Northern Ireland news

Devastating Mourne Mountains fire believed to have been started deliberately

Firefighters tackling the large gorse fire in the Slieve Donard area of the Mourne Mountains over the weekend. Picture by Conor Kinahan/Pacemaker Press

THE devastating blaze in the Mourne Mountains is believed to have been started deliberately, the NI Fire and Rescue Service said last night.

Investigations are continuing to establish the cause of the extensive gorse fire on Northern Ireland's highest mountain Slieve Donard.

But one senior fire officer yesterday described how he was "angry" the fire may have been started deliberately.

Area Commander Mark Smyth said: "I am extremely disappointed in whoever thinks this is fun or if they think this is a great opportunity to manage land".

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He pleaded for "people to stop lighting fires - especially over the next weeks and months".

"A big issue for me is we have firefighters down the mountains when we really need them in towns where there might be some extremely serious life risk fires or there might be RTCs (road traffic collisions)," he told the BBC.

More than 100 firefighters were involved in the operation, which took three days to bring under control and led to extensive damage to wildlife and the environment.

Agriculture minister Edwin Poots yesterday said he would consider legislation which would impose major penalties on anyone found guilty of starting such fires.

"If we are required to upgrade our legislation then that's something I will not be shy in bringing forward," he said.

He added: "We need to think about all measures that can be put in place to deter people from starting such fires".

The DUP minister told the Assembly it would take decades for plant and animal life to recover from the damage caused. The scale of the devastation extends to more than 3.5 km, which he described as "shockingly sad".

"Whoever lit this fire - whether it was accidental or whether it was reckless - should be thoroughly ashamed of themselves, because this involved some element of human behaviour," he said.

In what was described as "undoubtedly one of the most challenging gorse fires" ever dealt with, crews were at the scene since Friday.

It was declared a 'major incident' on Saturday when flames spread from Bloody Bridge, across Thomas Mountain and the base of Slieve Donard, as well up Northern Ireland's highest peak, to less accessible ground.

At its peak, more than 100 firefighters were involved with 12 appliances from stations across the north as well as numerous support vehicles mobilised to the scene.

Coastguard Helicopters were deployed to achieve an aerial view of the fire, inform tactical firefighting decisions and transport firefighters to remote locations to tackle the fire.

The 'major incident' status was de-escalated on Sunday with extensive firefighting operations completed shortly before 5pm.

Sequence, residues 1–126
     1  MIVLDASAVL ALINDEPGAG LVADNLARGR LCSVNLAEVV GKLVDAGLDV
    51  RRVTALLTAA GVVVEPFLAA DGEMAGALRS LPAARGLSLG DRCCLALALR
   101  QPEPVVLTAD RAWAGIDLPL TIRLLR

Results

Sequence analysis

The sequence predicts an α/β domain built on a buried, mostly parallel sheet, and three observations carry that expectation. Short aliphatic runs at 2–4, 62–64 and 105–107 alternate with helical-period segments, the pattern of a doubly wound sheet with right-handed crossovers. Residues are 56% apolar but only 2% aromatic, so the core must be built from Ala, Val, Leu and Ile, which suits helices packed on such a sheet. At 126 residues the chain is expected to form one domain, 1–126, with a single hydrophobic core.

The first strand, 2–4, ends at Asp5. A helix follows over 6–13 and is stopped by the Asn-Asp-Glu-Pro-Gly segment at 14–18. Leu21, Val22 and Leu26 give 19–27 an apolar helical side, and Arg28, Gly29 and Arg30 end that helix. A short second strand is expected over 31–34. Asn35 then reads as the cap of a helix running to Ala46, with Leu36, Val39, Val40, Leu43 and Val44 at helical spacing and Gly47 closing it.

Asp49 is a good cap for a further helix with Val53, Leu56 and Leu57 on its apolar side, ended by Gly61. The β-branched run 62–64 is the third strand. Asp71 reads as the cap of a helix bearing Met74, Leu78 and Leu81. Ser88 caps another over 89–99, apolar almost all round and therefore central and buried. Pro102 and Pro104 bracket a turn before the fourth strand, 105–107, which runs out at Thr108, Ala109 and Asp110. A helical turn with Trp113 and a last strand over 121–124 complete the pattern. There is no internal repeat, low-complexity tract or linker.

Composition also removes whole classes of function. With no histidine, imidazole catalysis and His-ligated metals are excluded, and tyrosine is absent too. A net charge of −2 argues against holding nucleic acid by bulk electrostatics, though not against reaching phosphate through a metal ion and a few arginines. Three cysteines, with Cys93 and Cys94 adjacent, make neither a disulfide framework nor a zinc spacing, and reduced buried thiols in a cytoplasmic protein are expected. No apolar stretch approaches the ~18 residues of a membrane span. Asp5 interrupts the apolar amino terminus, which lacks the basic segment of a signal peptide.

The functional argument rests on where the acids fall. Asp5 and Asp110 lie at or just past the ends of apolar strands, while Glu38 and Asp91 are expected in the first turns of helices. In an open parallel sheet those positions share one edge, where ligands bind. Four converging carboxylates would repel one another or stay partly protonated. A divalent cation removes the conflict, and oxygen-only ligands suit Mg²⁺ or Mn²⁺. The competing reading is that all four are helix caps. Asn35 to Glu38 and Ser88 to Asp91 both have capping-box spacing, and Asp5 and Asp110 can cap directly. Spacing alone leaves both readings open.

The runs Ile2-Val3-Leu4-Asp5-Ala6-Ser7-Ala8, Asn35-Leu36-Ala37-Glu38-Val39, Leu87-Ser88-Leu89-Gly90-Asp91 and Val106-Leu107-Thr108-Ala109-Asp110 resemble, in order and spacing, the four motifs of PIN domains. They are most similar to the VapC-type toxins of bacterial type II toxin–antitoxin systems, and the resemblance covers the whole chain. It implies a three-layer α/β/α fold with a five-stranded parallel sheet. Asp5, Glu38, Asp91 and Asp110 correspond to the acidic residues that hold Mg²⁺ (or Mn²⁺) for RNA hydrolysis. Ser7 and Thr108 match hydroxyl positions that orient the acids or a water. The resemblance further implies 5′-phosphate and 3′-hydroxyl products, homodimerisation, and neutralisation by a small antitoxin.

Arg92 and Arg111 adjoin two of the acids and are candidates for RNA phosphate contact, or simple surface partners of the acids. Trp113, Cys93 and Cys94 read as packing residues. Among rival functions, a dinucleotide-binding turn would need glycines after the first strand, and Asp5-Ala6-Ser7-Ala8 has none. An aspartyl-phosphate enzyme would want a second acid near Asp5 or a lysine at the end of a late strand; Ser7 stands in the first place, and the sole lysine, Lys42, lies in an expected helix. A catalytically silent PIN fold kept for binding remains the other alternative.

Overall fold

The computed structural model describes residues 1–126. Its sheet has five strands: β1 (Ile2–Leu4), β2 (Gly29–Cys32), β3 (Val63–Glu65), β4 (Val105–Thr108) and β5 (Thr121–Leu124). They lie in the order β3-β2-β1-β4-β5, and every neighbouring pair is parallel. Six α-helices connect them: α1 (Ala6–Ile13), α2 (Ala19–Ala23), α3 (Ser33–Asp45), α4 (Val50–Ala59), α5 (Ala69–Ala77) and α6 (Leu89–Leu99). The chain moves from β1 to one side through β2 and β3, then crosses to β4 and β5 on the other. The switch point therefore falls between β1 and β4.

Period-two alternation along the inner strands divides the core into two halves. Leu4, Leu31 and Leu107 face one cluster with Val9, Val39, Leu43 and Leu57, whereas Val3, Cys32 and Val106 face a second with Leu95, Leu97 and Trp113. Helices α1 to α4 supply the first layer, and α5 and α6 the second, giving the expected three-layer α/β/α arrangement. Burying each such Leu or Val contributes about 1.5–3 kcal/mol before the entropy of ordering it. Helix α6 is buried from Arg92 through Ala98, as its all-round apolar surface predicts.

In a statement last night, the NIFRS said the blaze "is believed to have been started deliberately".

Chief fire and rescue officer Michael Graham said "calling an incident like this challenging doesn’t do justice to the effort our firefighters have put in over this weekend".

"The pictures we’ve seen on social media have shown us how hard they worked in intense conditions to extinguish this huge fire and prevent it spreading to threaten human life or property," he said.

"While I am proud of the work our people did, we are all saddened by the destruction this fire has caused to our natural environment."

He said that firefighters had been involved in responding to 400 other incidents while the Mourne Mountains fire was burning.

"Thanks to their hard work we have continued to protect our community, while dealing with a major incident without missing a beat," he said.

Mr Graham thanked the fire service for their efforts in fighting the blaze, adding that it was a "truly multi-agency incident".

"I speak for every single firefighter and every single NIFRS employee when I say that we have been blown away by the outpouring of support we have seen," he said.

The National Trust said it was "devastated to see the impact the fire has had on the fragile habitat of upper Slieve Donard".

"This Area of Outstanding Natural Beauty has been completely destroyed and will take years to recover," it said.

"The heather landscape, which is a designated Special Area of Conservation, once alive with flora, fauna and diverse wildlife is now charred earth and ash."

Martin Carey of the Mourne Heritage Trust said a NI-wide strategy was required to minimise the risk of future damage from similar blazes. While a Mourne wildfire group is in place, he said extra resources were needed.

"The Environment Agency is currently working on a strategy, we need that accelerated and then behind that we need the continuity of resource coming in because one of the big challenges has been, while we are very grateful for the resource that has been provided, it's piecemeal- it's odd year to year end of year fundings, surplus funds etc," he told the BBC.

"We need a continuity of investment that's commensurate with the importance and vulnerability of this landscape."

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